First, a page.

In response to my last post, Susan Cartier Liebel raises the question of the legalities of streaming others’ feeds without permission. She points to her post Shouldn’t You Have To Ask Permission If You Want To Take A Blog’s Feed For Your Profit? which has attracted considerable comment.
Of course your content is your copyright and others should not copy it without your permission. But a feed can be repurposed in many ways, and we need to look at what parts of the feed are being copied and who profits.
Copyright lawyers will have to fill me in on the latest case law on all of this, but I think in practice we have despatched the question whether links are legal (is the web legal?) with a resounding yes. As Sir Tim father-of-the-web-but-not-a-lawyer Berners-Lee has said:
There are some fundamental principles about links on which the Web is based. These principles allow the world of distributed hypertext to work. Lawyers, users and technology and content providers must all agree to respect these principles.
What of link+title? In principle there is copyright in a title, but it’s hard to see anyone any longer seeking to enforce copyright here.
But an RSS feed is an aggregation, so what of a bunch of links+titles? Here there is a stronger case for saying that this aggregation is protected by copyright, and if we’re talking about an aggregation of links+titles+descriptions or even +excerpts, that is clearly protected. So let’s talk about permission, express or implied.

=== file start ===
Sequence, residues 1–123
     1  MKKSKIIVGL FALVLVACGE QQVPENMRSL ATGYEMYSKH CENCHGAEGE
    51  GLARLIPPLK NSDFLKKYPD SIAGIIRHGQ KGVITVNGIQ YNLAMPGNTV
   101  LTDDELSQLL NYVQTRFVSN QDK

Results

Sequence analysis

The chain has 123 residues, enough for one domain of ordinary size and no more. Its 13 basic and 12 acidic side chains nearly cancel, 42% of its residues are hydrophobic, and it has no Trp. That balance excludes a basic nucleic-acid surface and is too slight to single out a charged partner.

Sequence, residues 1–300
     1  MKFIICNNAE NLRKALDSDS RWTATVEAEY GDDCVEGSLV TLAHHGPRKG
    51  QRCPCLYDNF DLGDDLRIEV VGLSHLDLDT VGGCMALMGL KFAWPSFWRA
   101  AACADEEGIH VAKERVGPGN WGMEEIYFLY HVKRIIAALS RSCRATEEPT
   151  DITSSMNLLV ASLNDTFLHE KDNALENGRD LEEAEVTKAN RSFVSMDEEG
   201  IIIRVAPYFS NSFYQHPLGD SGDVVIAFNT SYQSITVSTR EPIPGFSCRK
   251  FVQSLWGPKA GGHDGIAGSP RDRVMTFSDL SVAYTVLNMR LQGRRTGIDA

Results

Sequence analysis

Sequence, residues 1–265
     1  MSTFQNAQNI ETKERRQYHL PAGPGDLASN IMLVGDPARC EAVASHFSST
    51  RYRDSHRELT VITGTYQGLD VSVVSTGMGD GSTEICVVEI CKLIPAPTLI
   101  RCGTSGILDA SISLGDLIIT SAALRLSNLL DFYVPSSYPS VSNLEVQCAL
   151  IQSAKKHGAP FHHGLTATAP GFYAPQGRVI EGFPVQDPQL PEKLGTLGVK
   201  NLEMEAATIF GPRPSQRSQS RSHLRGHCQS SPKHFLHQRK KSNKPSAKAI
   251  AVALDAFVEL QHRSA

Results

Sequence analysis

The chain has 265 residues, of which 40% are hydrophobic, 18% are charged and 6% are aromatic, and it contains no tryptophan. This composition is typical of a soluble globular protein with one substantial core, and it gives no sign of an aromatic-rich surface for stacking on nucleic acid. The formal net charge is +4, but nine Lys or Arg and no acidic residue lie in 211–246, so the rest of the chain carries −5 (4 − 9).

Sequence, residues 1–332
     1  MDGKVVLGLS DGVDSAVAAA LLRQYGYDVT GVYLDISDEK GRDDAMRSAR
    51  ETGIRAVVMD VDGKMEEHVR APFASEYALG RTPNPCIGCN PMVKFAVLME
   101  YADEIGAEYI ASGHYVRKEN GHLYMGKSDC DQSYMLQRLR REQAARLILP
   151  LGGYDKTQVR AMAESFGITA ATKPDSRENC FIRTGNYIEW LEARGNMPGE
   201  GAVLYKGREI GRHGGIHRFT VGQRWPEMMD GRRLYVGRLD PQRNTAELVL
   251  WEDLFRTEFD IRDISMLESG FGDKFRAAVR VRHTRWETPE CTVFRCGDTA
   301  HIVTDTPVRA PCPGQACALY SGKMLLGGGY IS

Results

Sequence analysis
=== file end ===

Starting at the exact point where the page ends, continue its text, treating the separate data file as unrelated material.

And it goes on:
I don’t believe there’s any implied permission for others to republish feeds. But in practice, why publish a feed if you don’t want it to be republished? It will be, and there’s little you can do to stop it. You can frame some stern T & Cs or apply a more friendly CC licence, but most, whether intentionally or by default, will take little notice.
Susan makes much of others taking your (blog) feed “for profit”. We are all miffed if we see others profiting from our work at our expense. But, with feed repurposing, in most cases we profit too, sufficiently that we do not see it as being at our expense.
- Google indexes, caches and republishes parts of my website, my blog, my feeds without my permission. Google profits handsomely, but I profit too.
- Other specialist search engines and directories – like Tehcnorati, Blawg Search – also index and repurpose my content. If I’ve submitted my site to them, I’ve probably given them permission to do this, but in most cases my signing up only legitimates what they have been doing / would do anyway. (Susan, Technorati indexes your blog whether you’ve claimed it or not.) They profit, but I profit too.
- Smaller fish might also republish my feeds, but in all cases short of their republishing my full text, I profit as much as or more than they do. All items link back to me. And I really am not going to lose sleep if they choose to wrap Google ads around it or seek to profit in other ways. (I do view sploggers etc as the scum of the earth, but I blame Google Adsense.)
So in practice, what we are all most concerned about is others claiming our real work – our full posts or articles – as their own; and there is a simple answer: if you want to protect your content, include only excerpts rather than full text in your feeds. Syndicate your metadata, not your data.